Classic studies have always been the basis for many scholars in the analyses of modernization and current environment speculation. Classic studies pose challenges to the inquiries that surface in sociology; overturn the formalism of public administration studies and at several times reject the idealism of political science. William J. Grimshaw (1996) is of the opinion that "They brought a new tone of tough-minded realism to the study of urban politics, earmarked by a combination of rigorous empirical description and pragmatic normative prescription." One of the reasons Grimshaw provides for this view is that classical views often form the theoretical perspective of a problem or issue which makes it easier for modern scholars to approach the problem from an empirical point of view. Deficiencies can be addressed in a logical manner and analyzed pragmatically. For example reconceptualising logical perspectives for conflict resolution in a political conflict situation such as Palestine and Israel.
[...] The researcher envisions a utopian communist society that takes into account of the positive side of Marx and Engel's communism and integrate today's environment. Within this utopian communist society there are no political rights to exclusive property ownership. The workers are to sell their skills and labor for economic benefits which in turn support the state. Skills and labor does not necessarily mean production only but can include services and civic duties. There is no direct political power to control the workers to work for the capital needed for the state. [...]
[...] These are imperative for the transitioning of the capitalist to communist society and gradually introduce the people to a new form of life, society and order. The researcher does not claim that the above propositions are perfection but to a certain extent it would resolve the majority of the issues that the world is facing today. For every thesis there is an antithesis. Similarly for a dystopian capitalist society like ours, there must be a utopian communist one to counteract its ills and deficiencies. References Banfield, E. C. Political influence. [...]
[...] Public ownership in the utopian communist society would differ from the capitalist. According to Wood The kind of public ownership we know today has, to be sure, little in common with enterprises run under direct democratic control, by "free associations of direct producers." For that matter, even public enterprises themselves - not just the means of communication and transportation, but health care and education - can be, and in capitalism are, subjected to the logic of the capitalist market. The objective of today's neoliberal politics is to "privatize" anything that could conceivably be run for capitalist profit - from prisons, to postal services, to old-age pensions. [...]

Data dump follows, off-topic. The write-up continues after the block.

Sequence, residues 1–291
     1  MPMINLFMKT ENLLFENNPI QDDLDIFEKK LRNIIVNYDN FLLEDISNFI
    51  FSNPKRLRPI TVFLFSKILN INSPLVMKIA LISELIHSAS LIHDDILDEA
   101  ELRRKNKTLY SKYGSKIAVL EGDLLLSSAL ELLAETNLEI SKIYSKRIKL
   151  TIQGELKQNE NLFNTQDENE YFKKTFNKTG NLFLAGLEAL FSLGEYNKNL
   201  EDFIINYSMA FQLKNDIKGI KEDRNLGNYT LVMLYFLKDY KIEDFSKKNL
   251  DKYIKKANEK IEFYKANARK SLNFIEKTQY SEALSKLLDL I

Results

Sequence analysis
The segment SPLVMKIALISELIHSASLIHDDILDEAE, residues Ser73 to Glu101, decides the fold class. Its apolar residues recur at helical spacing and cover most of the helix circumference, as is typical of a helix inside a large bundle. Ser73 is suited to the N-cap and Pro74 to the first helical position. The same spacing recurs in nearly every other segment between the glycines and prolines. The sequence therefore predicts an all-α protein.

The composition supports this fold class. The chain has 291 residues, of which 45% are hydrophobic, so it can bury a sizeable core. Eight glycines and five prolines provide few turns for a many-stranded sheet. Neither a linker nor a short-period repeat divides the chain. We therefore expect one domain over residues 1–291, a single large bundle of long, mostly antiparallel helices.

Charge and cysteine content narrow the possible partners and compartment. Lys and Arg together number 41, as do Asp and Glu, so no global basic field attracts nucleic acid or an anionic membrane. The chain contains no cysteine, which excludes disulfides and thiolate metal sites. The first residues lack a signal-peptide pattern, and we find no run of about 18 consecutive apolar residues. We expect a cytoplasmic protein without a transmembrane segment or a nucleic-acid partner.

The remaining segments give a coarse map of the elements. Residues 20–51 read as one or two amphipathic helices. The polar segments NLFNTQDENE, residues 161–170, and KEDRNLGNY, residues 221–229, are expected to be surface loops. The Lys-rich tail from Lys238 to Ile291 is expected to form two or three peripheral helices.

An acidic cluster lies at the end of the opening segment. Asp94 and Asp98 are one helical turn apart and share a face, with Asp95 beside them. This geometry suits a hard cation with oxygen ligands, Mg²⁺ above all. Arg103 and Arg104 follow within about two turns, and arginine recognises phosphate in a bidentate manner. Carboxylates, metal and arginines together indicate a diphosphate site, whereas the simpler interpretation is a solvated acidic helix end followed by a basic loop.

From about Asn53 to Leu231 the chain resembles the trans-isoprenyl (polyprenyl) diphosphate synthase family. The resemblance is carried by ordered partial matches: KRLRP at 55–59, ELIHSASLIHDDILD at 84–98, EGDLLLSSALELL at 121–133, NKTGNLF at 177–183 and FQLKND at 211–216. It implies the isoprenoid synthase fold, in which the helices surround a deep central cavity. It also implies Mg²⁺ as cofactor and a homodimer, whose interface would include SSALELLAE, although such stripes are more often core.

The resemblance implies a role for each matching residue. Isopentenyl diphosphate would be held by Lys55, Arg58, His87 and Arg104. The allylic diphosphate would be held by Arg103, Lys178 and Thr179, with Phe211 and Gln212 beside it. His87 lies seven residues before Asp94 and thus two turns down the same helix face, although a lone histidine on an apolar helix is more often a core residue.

[...] "Evolving to an Information Society: Issues and Problems" from The Information Society: Economic, Social, and Structural Issues. Jerry L. Salvaggio - editor. Lawrence Erlbaum Associates. Hillsdale, NJ pp.15. Gilpin, Robert. Global Political Economy: Understanding the International Economic Order. Princeton University Press, Princeton and Oxford Grimshaw, W. J. Bitter fruit. Chicago, IL: University of Chicago Press Grimshaw, William J. Revisiting the Urban Classics: Political Order, Economic Development, and Social Justice. Policy Studies Journal. Volume: 24. Issue: pp.230+. Gindin, Sam and Panitch, Leo. Rekindling Socialist Imagination: Utopian Vision and Working-Class Capacities. Monthly Review. Volume: 51. Issue: [...]
[...] create many ills within the society that people live in. In modern day socio-political scenario there is no difference. For example during the 1950s and 1960s social uprising in America had been the result of conflict between the political leadership and the public. b. Political might Contemporary political orders face challenges of globalization, nuclear might, decisive alliances and legitimacy of the authority etc. Hence, today many nations are forming "partnerships" with distant nations with the view to unite their forces against or to unite with capitalist alliances. [...]
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